Re: Re: Re: odd mathematica blindspot

• To: mathgroup at smc.vnet.net
• Subject: [mg56570] Re: [mg56548] Re: [mg56502] Re: odd mathematica blindspot
• From: Daniel Lichtblau <danl at wolfram.com>
• Date: Fri, 29 Apr 2005 03:20:34 -0400 (EDT)
• References: <d4klbs\$eg7\$1@smc.vnet.net> <200504270153.VAA01785@smc.vnet.net> <200504280640.CAA24722@smc.vnet.net>
• Sender: owner-wri-mathgroup at wolfram.com

```Edward Peschko wrote:
> From: Edward Peschko <esp5 at pge.com>
To: mathgroup at smc.vnet.net
> Bcc:
> Subject: [mg56570] [mg56548] Re: [mg56502] Re: odd mathematica blindspot
> Reply-To:
>
> On Tue, Apr 26, 2005 at 09:53:49PM -0400, Skirmantas wrote:
>
>>Hi Ed,
>>
>>By definition, 9999999999999/10000000000000 is an exact rational number, whereas 0.5 is an approximate real number:
>
>
> Well, that's completely unintuitive..  I understand it, but it still rubs me the
> wrong way for some reason. '.5' on paper means that to me - .5 - not .4999999999
> or .50000000001 or whatever internal representation the computer chooses.

That's the key: what does it mean to the software or hardware?

As a machine number it means a base 2 representation. No harm thus far,
because .5 can be exactly represented in base 2. But it also means that
further numeric manipulation might be done using machine arithmetic.

I'll try to point out the source of the trouble in the example that
failed. It was

Solve[(9999999999999/10000000000000)^x == .5, x]

An intermediate step involved computing

Log[9999999999999/10000000000000, .5]

The problem is that the first argument is very close to 1, and the
presence of .5 coerces the entire computation to machine arithmetic, so
se get a result that suffers quite a bit (quite a few bits) from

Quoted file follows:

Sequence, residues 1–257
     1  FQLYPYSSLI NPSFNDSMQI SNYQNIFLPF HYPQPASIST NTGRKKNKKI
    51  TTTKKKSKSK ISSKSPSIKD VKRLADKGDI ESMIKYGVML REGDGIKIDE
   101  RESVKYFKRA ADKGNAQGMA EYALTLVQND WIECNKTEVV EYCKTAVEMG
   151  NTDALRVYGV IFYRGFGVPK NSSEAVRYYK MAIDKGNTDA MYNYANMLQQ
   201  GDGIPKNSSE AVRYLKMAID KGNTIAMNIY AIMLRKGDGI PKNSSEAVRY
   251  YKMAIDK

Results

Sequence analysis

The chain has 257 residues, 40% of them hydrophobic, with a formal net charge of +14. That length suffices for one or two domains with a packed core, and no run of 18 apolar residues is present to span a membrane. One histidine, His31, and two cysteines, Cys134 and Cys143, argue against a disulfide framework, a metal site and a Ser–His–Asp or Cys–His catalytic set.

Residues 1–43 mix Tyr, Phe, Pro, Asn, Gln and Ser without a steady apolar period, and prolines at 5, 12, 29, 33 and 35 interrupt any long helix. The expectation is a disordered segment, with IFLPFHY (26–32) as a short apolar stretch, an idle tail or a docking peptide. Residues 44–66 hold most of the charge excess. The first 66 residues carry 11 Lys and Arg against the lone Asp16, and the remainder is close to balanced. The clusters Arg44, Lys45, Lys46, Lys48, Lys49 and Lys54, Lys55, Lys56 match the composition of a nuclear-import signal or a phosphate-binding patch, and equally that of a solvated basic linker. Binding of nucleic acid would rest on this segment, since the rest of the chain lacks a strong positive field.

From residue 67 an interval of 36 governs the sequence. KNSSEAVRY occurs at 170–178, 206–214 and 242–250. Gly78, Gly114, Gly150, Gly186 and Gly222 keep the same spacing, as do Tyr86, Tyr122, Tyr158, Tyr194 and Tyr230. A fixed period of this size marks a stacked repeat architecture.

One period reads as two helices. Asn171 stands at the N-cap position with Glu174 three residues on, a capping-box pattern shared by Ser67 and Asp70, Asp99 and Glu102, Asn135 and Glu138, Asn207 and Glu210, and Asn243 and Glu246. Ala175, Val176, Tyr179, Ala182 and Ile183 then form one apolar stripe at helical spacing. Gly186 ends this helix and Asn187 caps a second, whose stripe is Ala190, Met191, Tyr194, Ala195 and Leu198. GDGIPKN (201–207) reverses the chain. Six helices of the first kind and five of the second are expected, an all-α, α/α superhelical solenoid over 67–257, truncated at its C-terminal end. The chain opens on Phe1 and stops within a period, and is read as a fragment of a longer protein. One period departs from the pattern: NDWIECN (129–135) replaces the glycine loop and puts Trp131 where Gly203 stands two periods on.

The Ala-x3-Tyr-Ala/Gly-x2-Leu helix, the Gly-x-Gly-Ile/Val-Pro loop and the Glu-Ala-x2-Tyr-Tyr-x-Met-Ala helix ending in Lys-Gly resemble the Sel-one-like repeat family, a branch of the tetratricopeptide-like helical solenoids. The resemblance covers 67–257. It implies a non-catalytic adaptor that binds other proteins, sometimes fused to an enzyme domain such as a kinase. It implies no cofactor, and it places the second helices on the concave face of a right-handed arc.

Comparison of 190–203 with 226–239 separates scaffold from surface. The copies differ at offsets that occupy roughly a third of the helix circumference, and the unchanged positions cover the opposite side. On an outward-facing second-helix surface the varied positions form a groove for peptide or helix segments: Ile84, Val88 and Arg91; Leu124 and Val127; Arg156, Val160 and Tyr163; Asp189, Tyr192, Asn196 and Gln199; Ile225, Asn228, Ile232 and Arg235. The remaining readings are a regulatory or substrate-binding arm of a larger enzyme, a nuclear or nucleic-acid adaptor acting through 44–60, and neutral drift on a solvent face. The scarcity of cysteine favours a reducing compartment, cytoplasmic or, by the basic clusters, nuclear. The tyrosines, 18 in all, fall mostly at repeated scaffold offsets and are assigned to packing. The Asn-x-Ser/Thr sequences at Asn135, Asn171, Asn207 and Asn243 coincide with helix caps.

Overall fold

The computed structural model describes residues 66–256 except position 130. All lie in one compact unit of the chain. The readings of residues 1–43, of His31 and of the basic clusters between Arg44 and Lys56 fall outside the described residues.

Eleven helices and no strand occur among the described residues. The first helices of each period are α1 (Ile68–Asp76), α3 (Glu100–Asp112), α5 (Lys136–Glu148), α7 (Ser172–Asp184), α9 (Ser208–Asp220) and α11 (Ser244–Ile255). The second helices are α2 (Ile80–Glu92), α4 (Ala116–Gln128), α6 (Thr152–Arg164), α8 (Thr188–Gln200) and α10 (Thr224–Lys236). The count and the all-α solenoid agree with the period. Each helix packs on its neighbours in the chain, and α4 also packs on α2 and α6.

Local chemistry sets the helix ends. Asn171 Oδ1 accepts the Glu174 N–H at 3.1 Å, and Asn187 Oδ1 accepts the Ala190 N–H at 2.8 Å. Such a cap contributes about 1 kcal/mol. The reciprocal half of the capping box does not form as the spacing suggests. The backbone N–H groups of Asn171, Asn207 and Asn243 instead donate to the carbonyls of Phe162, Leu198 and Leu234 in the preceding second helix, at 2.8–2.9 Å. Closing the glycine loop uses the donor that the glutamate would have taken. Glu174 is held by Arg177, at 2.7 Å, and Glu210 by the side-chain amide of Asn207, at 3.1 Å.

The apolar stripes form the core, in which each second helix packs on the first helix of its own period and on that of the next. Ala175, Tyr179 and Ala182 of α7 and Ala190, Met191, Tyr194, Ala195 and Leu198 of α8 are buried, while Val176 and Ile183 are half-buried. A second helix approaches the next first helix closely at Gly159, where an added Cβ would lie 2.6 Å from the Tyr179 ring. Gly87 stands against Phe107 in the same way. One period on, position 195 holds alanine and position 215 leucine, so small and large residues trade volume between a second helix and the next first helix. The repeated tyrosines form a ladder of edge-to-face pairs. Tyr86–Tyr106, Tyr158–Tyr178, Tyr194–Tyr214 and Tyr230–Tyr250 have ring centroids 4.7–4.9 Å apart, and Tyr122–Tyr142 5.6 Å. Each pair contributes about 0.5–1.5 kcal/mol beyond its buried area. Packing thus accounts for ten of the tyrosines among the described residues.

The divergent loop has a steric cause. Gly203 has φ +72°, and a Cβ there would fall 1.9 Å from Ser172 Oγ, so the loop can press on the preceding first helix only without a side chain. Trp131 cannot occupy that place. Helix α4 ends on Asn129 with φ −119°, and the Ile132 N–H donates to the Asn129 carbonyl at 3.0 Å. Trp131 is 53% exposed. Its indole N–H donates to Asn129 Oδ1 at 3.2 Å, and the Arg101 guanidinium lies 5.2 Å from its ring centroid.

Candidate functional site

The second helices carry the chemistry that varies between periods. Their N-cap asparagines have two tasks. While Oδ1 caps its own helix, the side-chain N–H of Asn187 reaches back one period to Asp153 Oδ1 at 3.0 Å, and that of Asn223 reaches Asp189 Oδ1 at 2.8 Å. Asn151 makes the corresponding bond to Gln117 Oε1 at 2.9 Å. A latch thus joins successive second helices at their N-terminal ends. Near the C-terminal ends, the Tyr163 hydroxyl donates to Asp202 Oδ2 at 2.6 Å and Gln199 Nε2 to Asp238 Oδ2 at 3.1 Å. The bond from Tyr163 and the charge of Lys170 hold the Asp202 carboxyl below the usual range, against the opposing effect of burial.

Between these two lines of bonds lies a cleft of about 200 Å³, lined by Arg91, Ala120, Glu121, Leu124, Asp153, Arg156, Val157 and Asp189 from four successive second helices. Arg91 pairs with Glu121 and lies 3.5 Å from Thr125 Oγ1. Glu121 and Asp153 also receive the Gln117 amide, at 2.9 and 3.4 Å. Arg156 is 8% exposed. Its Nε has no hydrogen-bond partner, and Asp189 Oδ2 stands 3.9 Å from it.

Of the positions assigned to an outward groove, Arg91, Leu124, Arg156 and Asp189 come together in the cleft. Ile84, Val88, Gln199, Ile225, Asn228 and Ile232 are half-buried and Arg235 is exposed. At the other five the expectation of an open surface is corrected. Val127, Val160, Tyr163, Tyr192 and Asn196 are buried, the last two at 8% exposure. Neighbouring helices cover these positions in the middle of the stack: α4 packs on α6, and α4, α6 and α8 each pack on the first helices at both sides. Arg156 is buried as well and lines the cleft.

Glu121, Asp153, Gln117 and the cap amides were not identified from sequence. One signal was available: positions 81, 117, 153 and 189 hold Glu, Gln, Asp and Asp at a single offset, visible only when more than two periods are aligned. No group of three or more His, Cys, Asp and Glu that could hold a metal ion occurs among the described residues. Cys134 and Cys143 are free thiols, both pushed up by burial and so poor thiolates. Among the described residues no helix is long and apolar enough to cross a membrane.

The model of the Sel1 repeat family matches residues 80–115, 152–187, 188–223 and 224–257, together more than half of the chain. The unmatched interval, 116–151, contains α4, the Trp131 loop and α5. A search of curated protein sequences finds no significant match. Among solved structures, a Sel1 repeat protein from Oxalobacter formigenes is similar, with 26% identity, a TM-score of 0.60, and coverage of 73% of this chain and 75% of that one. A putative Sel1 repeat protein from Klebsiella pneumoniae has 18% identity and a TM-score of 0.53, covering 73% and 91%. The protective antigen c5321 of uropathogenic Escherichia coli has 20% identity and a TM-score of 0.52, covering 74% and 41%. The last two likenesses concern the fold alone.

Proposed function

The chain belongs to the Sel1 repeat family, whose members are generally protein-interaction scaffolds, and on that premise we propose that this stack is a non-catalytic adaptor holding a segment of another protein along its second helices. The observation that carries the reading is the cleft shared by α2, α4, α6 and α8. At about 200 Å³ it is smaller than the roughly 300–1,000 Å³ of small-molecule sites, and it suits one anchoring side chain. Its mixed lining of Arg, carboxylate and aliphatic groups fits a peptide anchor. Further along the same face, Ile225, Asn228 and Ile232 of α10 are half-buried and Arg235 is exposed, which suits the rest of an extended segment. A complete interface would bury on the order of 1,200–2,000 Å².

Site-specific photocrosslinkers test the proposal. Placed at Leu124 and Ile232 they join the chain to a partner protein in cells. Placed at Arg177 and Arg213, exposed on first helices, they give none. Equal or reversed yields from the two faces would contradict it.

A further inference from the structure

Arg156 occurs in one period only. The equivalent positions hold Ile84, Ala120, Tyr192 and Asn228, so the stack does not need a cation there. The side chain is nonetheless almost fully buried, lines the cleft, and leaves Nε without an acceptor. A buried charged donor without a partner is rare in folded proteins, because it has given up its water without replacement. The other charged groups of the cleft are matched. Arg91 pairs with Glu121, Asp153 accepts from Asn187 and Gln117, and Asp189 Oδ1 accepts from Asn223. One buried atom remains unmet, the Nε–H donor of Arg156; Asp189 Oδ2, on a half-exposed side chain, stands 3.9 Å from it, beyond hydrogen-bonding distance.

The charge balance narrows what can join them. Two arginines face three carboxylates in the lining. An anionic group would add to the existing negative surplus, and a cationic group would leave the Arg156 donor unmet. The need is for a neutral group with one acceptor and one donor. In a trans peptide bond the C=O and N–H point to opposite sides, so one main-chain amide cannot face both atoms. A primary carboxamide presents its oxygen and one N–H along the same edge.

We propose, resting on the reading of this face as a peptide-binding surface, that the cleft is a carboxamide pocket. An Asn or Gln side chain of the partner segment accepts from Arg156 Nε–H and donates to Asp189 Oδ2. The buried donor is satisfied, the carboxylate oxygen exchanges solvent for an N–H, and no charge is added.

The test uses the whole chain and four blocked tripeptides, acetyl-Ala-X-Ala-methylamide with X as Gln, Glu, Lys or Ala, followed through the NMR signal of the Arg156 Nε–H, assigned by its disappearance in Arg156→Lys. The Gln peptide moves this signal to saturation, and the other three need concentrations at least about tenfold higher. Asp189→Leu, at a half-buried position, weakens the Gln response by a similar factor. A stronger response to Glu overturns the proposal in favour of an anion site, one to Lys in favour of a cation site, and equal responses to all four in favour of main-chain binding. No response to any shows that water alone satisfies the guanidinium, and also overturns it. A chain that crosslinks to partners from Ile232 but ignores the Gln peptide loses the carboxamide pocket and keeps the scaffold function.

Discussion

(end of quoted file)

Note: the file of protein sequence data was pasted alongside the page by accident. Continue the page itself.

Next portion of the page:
cencellation error. Why? Because we had to compute

Log[N[9999999999999/10000000000000]]

This is only valid to about three decimal places. When we use the result
in Solve, it is discarded in the verification process because the
residual is deemed too large. You can see the result if you do

Solve[..., VerifySolutions->False]

There are ways to work around this. For example, you might use exact or
higher precision inputs. I'm looking into the possibility of having
Solve convert explicitly to rationals when it is working with
transcendental equations. This ploy certainly will address your
particular example but I cannot guarantee we will go this route, because
it has the potential to break more than it fixes.

> In fact,
> that's why I got Mathematica in the first place, to get away from this approximate
> stuff.
>
> Why couldn't mathematica treat .5 as a string, make the internal calculation
> and turn .5 into 5/10? Or, barring that, is there a conversion function for this
> (going back and forth between rational and approximate real?
>
> Ed

You might want to read up on the basic evaluation semantics of
Mathematica. It has a parser, as do all programming languages. It does
not convert numbers to strings (quite the contrary). If you want to do
that you use the function ToString[...]. If you want to numeric inputs
to be made into fractions you can use Rationalize[...,0] (the second
argument is a tolerance which says, in effect, to rationalize everything
no matter how bad the approximation may be).

Needless to say, if your intent is to sue exact arithmetic, by all means
you can do so. Just don't expect the program to convert approximate
numbers for you unless you ask it to.

Daniel Lichtblau
Wolfram Research

```

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